Latest Physics Stories

Future Face Of Molecular Electronics
2014-09-18 03:49:28

By Laurel Hamers, American Institute of Physics Thin layer of picene molecules attached to a silver surface maintain their structure and function, demonstrating potential for electronic applications The emerging field of molecular electronics could take our definition of portable to the next level, enabling the construction of tiny circuits from molecular components. In these highly efficient devices, individual molecules would take on the roles currently played by...

NASA Releases Interface Region Imaging Spectrograph Footage Of X-class Flare
2014-09-18 03:30:06

Karen Fox, NASA On Sept. 10, 2014, NASA's newest solar observatory, the Interface Region Imaging Spectrograph, or IRIS, mission joined other telescopes to witness an X-class flare – an example of one of the strongest solar flares -- on the sun. Combing observations from more than one telescope helps create a much more complete picture of such events on our closest star. Watch the movie to see how the flare appears different through the eyes of IRIS than it does through NASA's Solar...

Researchers Find New Way To Make Quantum Dots Glow Brighter
2014-09-18 03:05:47

American Institute of Physics Researchers from the University of Alabama in Huntsville and the University of Oklahoma have found a new way to control the properties of quantum dots, those tiny chunks of semiconductor material that glow different colors depending on their size. Quantum dots, which are so small they start to exhibit atom-like quantum properties, have a wide range of potential applications, from sensors, light-emitting diodes, and solar cells, to fluorescent tags for...

squid color display technology
2014-09-17 03:00:43

Jade Boyd, Rice University The quest to create artificial "squid skin" -- camouflaging metamaterials that can "see" colors and automatically blend into the background -- is one step closer to reality, thanks to a breakthrough color-display technology unveiled this week by Rice University's Laboratory for Nanophotonics (LANP). The new full-color display technology uses aluminum nanoparticles to create the vivid red, blue and green hues found in today's top-of-the-line LCD televisions and...

energetic pulsar
2014-09-17 08:36:36

Whitney Clavin, Jet Propulsion Laboratory Our Milky Way galaxy is littered with the still-sizzling remains of exploded stars. When the most massive stars explode as supernovas, they don't fade into the night, but sometimes glow ferociously with high-energy gamma rays. What powers these energetic stellar remains? NASA's Nuclear Spectroscopic Telescope Array, or NuSTAR, is helping to untangle the mystery. The observatory's high-energy X-ray eyes were able to peer into a particular site...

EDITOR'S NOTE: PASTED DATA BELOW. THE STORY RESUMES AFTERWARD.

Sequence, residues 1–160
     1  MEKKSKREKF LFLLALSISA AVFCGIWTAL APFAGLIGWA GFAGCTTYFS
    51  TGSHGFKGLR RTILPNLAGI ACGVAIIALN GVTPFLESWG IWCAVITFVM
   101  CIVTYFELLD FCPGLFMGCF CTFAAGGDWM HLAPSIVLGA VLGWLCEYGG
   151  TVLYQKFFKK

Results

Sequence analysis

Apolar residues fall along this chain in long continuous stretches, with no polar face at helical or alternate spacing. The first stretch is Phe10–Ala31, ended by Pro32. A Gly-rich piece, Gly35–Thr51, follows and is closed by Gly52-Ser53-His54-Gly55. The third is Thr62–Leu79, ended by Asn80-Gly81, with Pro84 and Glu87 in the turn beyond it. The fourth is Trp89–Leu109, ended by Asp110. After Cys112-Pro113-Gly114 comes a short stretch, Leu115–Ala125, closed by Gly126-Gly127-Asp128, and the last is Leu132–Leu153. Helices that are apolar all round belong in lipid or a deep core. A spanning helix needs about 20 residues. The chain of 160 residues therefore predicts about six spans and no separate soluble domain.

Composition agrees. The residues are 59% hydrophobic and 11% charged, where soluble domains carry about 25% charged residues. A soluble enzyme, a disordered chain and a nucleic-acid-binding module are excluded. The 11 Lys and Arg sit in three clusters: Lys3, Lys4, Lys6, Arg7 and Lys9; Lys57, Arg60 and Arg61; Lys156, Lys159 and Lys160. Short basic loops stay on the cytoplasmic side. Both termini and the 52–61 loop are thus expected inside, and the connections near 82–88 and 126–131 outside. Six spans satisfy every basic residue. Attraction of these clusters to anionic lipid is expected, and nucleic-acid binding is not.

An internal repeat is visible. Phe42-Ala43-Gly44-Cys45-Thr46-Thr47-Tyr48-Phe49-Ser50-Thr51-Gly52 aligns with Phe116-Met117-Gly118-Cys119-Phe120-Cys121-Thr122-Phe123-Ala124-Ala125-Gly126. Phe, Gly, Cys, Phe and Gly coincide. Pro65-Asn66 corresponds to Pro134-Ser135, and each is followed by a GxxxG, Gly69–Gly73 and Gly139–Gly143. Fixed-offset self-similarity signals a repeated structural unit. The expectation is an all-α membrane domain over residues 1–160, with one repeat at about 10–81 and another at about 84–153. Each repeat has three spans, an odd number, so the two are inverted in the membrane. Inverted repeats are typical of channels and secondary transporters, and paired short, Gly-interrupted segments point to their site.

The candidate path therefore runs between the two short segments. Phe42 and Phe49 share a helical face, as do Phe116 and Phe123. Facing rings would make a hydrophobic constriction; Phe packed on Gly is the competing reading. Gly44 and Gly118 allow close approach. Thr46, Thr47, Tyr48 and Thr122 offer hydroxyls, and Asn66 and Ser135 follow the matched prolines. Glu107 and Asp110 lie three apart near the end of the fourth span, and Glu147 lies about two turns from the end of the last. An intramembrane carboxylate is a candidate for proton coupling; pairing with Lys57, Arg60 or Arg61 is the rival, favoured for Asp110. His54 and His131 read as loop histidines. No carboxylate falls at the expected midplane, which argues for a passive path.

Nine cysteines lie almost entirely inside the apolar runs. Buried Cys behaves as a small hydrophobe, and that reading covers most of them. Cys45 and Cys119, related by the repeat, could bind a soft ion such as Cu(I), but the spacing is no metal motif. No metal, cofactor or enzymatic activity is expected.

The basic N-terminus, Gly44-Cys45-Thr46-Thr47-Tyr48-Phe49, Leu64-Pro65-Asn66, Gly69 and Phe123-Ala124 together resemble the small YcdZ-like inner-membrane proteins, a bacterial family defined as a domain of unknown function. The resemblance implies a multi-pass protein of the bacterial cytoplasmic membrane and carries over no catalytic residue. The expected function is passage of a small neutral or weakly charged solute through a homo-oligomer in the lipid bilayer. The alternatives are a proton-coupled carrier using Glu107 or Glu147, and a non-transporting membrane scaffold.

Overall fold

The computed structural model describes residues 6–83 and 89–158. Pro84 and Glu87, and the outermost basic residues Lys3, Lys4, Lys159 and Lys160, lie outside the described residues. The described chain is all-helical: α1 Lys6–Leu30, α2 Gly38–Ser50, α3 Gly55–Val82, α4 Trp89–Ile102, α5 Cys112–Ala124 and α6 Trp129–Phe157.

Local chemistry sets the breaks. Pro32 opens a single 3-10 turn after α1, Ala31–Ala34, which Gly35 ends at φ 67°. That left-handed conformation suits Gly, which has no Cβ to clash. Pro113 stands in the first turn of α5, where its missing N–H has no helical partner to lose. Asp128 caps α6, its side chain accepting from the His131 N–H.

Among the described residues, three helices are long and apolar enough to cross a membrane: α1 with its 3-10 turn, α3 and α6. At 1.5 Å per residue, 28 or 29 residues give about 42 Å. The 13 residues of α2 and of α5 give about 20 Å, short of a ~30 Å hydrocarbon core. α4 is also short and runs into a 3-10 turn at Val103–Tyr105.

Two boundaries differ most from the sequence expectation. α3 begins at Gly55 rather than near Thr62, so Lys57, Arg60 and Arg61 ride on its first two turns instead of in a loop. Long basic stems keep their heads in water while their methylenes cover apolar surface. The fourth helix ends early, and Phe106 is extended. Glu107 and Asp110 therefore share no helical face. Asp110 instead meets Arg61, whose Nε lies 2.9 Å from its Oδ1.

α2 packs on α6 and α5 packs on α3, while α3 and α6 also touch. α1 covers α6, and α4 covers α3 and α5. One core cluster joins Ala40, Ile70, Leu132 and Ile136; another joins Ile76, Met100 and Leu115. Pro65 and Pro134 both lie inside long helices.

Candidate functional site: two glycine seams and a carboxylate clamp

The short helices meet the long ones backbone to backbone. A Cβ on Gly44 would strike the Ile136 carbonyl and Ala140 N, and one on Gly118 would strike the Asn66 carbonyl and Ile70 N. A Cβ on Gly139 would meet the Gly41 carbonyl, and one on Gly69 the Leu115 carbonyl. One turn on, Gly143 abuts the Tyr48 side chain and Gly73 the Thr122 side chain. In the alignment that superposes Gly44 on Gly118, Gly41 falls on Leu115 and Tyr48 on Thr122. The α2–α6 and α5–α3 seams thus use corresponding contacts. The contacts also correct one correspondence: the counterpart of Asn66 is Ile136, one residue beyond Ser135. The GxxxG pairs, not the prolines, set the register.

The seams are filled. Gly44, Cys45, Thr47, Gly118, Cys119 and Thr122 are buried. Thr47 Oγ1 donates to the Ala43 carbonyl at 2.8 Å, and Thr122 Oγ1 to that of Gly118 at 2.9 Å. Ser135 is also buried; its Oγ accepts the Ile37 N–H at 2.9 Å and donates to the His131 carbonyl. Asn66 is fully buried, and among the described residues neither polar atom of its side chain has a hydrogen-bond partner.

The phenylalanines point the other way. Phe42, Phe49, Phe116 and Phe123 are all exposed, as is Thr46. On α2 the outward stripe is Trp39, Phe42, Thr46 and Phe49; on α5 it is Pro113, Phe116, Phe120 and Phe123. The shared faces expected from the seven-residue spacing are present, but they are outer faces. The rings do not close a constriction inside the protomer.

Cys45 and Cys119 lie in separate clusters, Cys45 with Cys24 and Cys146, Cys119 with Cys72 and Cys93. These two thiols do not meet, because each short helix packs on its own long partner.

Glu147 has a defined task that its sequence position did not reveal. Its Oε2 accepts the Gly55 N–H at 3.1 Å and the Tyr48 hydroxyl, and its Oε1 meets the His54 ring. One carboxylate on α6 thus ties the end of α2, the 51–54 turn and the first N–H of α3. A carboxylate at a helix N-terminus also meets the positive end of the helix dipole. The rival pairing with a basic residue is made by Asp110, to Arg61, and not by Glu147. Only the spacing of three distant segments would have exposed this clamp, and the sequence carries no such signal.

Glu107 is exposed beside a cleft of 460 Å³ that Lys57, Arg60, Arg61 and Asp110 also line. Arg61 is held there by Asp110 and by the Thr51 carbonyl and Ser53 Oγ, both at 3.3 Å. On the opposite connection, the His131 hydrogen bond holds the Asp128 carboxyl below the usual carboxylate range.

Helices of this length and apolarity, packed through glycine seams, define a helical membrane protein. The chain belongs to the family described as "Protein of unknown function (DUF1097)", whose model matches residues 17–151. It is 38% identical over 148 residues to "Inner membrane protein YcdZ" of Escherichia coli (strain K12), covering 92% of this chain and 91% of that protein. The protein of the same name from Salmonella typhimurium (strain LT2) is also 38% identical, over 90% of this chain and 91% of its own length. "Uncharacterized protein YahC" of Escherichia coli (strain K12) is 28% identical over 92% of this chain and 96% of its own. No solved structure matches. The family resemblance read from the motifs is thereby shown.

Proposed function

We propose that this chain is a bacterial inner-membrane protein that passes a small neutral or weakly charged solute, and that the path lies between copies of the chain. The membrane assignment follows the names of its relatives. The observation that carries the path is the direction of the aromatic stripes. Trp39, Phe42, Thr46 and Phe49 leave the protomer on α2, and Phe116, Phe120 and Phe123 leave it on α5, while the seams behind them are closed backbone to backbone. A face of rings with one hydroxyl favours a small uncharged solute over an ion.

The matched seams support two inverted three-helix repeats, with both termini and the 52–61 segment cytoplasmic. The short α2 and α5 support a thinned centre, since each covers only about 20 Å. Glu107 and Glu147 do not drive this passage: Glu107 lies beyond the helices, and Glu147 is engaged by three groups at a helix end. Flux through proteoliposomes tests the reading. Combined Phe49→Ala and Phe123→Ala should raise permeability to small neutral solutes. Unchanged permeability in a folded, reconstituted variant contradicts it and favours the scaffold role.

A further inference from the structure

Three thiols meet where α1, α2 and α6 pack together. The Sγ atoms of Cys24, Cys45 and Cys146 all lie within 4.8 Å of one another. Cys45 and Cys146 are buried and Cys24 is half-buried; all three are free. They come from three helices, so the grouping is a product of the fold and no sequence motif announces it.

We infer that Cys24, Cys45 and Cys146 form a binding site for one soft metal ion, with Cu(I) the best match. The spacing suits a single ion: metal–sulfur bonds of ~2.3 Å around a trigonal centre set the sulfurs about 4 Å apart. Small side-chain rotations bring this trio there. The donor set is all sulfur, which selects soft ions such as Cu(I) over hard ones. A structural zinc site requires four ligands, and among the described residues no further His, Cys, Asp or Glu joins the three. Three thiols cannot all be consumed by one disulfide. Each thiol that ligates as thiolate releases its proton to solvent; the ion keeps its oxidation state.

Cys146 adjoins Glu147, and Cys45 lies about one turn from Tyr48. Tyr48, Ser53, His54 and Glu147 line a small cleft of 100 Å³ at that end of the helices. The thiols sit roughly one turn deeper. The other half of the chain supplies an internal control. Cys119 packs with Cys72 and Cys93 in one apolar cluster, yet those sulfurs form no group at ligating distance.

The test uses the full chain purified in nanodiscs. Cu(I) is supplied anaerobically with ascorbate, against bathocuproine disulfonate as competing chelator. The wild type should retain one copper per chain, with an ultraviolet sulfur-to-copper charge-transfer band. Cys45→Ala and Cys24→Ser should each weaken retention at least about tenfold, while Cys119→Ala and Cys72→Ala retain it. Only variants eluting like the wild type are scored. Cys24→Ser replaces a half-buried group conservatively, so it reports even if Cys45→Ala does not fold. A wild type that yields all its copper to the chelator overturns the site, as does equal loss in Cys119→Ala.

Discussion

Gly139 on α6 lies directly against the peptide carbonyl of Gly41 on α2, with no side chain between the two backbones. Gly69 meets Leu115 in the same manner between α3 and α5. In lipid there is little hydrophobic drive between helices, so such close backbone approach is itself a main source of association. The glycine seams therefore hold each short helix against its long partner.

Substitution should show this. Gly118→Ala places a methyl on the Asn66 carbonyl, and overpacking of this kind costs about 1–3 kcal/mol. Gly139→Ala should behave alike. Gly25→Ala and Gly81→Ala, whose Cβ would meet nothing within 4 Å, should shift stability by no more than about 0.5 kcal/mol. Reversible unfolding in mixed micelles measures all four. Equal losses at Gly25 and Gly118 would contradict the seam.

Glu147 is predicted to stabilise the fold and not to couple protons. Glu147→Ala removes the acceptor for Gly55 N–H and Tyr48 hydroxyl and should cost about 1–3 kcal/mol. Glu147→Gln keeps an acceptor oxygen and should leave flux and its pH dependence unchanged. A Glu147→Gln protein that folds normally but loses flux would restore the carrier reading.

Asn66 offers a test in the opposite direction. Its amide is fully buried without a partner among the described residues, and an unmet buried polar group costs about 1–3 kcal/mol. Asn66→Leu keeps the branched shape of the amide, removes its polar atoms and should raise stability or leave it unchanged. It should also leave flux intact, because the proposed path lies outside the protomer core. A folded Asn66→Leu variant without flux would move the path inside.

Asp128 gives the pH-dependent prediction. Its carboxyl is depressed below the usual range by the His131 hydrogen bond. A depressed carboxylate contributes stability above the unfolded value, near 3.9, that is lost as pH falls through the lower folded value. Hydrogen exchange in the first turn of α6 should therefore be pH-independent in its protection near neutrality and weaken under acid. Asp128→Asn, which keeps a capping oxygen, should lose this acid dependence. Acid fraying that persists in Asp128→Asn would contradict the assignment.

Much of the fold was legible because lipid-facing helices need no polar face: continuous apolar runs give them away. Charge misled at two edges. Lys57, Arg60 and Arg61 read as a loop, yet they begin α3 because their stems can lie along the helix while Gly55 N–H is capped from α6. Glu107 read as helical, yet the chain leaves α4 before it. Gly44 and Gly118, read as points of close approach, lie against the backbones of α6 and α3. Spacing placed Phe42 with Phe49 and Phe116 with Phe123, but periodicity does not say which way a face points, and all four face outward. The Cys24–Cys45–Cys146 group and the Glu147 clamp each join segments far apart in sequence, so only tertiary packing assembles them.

2014-09-16 23:09:40

Ultracapacitor market report identifies the drivers, restraints, opportunities, winning imperatives, burning issues, and industry trends of the overall market. (http://www.marketsandmarkets.com/Market-Reports/supercapacitor-market-37140453.html) (PRWEB) September 16, 2014 According to the new market research report "Ultracapacitor Market by Materials (Electrodes, Electrolyte, and Separators), Products (Consumer, Industrial, Transport, and Others), Applications (Primary, Energy,...

2014-09-16 23:06:25

OSA campaign highlights industry inventions and student-made videos to raise awareness of the role optics and photonics play in advancing innovation and improving our world Washington (PRWEB) September 16, 2014 The Optical Society (OSA) today announced the winners of its second Enabled by Optics contest. The contest, which is comprised of two tracks—one for companies and one for students—seeks to raise public awareness of the importance of optics and photonics technologies in...

Why Do Batteries Go Bad?
2014-09-16 03:05:46

SLAC National Accelerator Laboratory A comprehensive look at how tiny particles in a lithium ion battery electrode behave shows that rapid-charging the battery and using it to do high-power, rapidly draining work may not be as damaging as researchers had thought – and that the benefits of slow draining and charging may have been overestimated. The results challenge the prevailing view that "supercharging" batteries is always harder on battery electrodes than charging at slower rates,...